Whether you’re presenting in a meeting, standing up on stage in front of a conference or having a virtual coffee with your boss, you’re using your voice. As most of us have been speaking since we were toddlers we sometimes take our voices for granted and don’t recognise them as the incredible tools that they are. And like all tools, there are ways we can improve performance.
Daniel Alexander, or Das Voice, is an award-nominated professional actor and voice actor. He recorded his first voice over work back in 1999 and since then his voice has featured in video games, radio and television adverts, online explainers and much more.
We sat down with him to ask how to use our voices better when we’re presenting.
“The most important bit of advice I can give to anyone who is presenting or recording themselves, is that they need to slow down,” Alexander said. “When I direct some of my colleagues, or they direct me, and these are trained actors who have done this for twenty years or more, the standard direction I give in a one hour session, three or four times is “slow down, you’ve got more time.””
People should “go slower than they are comfortable with… because when people are uncomfortable, they speed up.”
It’s critical that we speak slowly because “you know what you’re going to say – your audience does not.”
“I’ve yet to meet anyone who needs speeding up,” he adds.
How we position ourselves matters too. Even if you’re not on camera in a virtual meeting or presentation, it’s still important to sit up straight.
“Your voice changes based on movement – it’s different if you’re standing or sitting,” Alexander said, “People should do what feels more comfortable for them – they can sit or stand, it doesn’t really matter. What is most important for this sort of thing is that their body position is upright but relaxed, because if you slouch you sound slouched.”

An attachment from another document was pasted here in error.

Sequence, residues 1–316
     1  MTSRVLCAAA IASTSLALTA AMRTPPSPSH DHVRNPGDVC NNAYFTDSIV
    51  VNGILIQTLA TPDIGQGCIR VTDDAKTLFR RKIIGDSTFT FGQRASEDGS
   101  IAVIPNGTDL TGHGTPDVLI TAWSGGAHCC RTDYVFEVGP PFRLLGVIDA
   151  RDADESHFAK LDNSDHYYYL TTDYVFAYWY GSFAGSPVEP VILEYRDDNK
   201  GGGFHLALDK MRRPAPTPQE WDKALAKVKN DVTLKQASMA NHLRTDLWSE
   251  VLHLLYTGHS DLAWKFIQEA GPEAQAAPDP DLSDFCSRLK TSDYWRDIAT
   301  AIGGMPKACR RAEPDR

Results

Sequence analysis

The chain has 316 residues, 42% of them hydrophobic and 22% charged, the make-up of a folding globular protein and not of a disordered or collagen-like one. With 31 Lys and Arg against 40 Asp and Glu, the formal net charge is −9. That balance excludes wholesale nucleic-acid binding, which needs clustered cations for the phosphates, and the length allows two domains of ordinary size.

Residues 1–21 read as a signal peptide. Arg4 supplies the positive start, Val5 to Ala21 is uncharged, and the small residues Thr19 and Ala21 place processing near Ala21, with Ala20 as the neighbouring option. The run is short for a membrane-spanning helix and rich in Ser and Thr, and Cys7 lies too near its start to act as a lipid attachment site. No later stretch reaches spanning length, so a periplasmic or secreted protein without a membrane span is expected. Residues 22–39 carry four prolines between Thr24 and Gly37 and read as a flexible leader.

“Even though people only hear the voice in the voice over… it’s still a whole body performance. If I’m doing an explainer video my whole body will be in a particular way and I still make movements with my hands, even when there’s no one to see.”
His final piece of advice is that old favourite – smile. “People should smile even if only their voice is heard,” Alexander said. “Smile or be friendly – if only because that also slows them down.”
While our audience might not be able to see that smile, they can hear it. A study from the University of Portsmouth confirmed that not only is a smile something you can hear, listeners can even pick up which type of smile a presenter has. In the same way body language and slouching can be heard in your voice, so can your facial expressions. So if you want your audience to hear enthusiasm and positivity in your presentation, deliver it with a smile.
Of course, not all topics suit a smile, so be sure to consider the appropriate emotions and facial expressions to support what you’re saying.
Why not try out Alexander’s 3-S’s in your next presentation or virtual meeting?
Don’t forget to:
- Slow down
- Sit up
Main image by FreeStocks.org on Pexels. Inset image (C) Daniel Alexander.